My first reaction to hearing that Deerhunter was opening for Spoon on its tour for Transference was “Ahhhhhhhh! AHHHHHHHH! Spoon AND Deerhunter!?! Tickets! Need tickets!” I instantly handed over the cash to see them in Boston – fitting considering my history of catching some other amazing double bills there, such as The New Pornographers with Belle & Sebastian and Feist with Broken Social Scene.
The venue was the new House of Blues, formerly the Avalon, in the literal shadow of Fenway Park on Lansdowne Street.
Openers The Strange Boys kicked off the evening with a post-punk-meets-rockabilly sound. Lead singer Ryan Sambol’s voice was a low-energy combination of young Bob Dylan and Alec Ounsworth of Clap Your Hands Say Yeah, which is to say, it wasn’t good. However, the band did provide an entertaining story about “the real Spoon,” from the previous tour stop at Radio City Music Hall. Sambol explained that the group amassed a handful of parking tickets from prior New York City shows. “We thought: ‘They’ll never get us.’” Well, the city got ’em, towing their van and slapping them with a whopping impound fee of $900.
Spoon to the rescue. Sambol told the crowd to show the headliners some love for picking up the tab and emancipating the van for their tourmates from Austin.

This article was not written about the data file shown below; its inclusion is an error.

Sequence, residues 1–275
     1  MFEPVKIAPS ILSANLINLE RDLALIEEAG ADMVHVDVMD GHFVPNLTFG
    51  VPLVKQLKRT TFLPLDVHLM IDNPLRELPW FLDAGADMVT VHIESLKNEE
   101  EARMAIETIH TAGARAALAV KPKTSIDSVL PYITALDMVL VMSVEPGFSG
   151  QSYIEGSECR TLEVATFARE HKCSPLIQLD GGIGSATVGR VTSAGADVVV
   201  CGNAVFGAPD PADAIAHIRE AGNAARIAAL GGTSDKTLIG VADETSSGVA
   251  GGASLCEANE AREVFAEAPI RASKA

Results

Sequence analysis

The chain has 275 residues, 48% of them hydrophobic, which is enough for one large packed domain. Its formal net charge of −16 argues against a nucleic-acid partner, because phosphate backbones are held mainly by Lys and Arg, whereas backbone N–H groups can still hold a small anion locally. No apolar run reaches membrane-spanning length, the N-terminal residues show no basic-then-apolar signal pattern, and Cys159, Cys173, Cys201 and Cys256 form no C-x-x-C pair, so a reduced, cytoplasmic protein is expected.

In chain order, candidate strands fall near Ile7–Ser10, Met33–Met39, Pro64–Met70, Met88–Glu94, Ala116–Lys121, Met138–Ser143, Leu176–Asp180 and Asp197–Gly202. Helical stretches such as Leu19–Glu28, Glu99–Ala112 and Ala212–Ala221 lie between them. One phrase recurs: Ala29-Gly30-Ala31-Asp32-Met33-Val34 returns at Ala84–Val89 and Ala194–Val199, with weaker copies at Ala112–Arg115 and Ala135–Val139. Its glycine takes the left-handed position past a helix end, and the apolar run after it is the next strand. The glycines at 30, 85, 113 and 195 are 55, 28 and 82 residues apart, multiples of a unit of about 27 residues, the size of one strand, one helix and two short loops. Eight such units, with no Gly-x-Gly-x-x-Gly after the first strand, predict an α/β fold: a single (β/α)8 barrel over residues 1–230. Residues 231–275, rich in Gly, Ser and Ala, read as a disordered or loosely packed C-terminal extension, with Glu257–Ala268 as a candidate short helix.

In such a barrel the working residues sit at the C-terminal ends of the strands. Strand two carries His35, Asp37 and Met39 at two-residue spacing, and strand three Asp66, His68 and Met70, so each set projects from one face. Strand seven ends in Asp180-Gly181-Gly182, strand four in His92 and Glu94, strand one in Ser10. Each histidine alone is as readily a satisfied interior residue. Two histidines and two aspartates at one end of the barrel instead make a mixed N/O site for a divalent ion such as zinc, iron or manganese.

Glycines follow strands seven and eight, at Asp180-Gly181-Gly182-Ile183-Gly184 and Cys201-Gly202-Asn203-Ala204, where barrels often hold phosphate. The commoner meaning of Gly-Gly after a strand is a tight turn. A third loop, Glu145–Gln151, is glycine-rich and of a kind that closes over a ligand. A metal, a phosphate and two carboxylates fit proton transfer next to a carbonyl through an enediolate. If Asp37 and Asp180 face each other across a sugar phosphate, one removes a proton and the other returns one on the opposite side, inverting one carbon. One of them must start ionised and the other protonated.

When Bradford Cox and his crew emerged, the club was still well short of capacity – a fact I could not believe. When gushing about the show to friends beforehand, my refrain was “I love Spoon, but I think I’m more excited to see Deerhunter.” Bradford engaged the crowd right away, cracking jokes, chatting, declaring his love for Boston and improvising a dreamy little song about the cold weather. “Cold weather … keeps us together … like we are tethered … ” I wondered what side of the group we’d see – hard and driving, soft and trippy, or pop-song craftsmen. The answer was all three, which is exactly what makes Deerhunter great. Bradford and Co. were equally adept mashing out rockers like Fluorescent Grey’s “Wash Off,” or cooing delicate pieces like Microcastle’s title track. Interspersed throughout the set were myriad effects, some turning whatever Bradford uttered into a sound best described as a soaring choir of angels on LSD, others imbuing his guitar with a life of its own as he continuously toyed with dissonant tones and ample feedback.
The highlight was unquestionably a raucous version of “Nothing Ever Happened.” The dominant bass line and opening riff drew a cheer from the crowd, and the crashing chorus had Spoon fans in crowd looking at each other, thinking, “I don’t know this band, but I’m getting their album as soon as I get home.” Bradford pushed the song even higher in its coda, hitting gorgeous high notes in his solo with a finger-tapping technique. “Since when is Bradford Cox a guitar god?” I asked myself, with a stupefied grin on my face. With Ted Williams’ turf right outside the club, just over the Green Monster in left field, Bradford’s passionate performance made me think indie rock has its own Splendid Splinter to anoint.
When they wrapped up their set, the word on everyone’s tongue was “more.” It felt downright cruel to give us a taste then take it away, but they did have to make time for the main performance. Oh, right! Spoon is playing now! The headliner!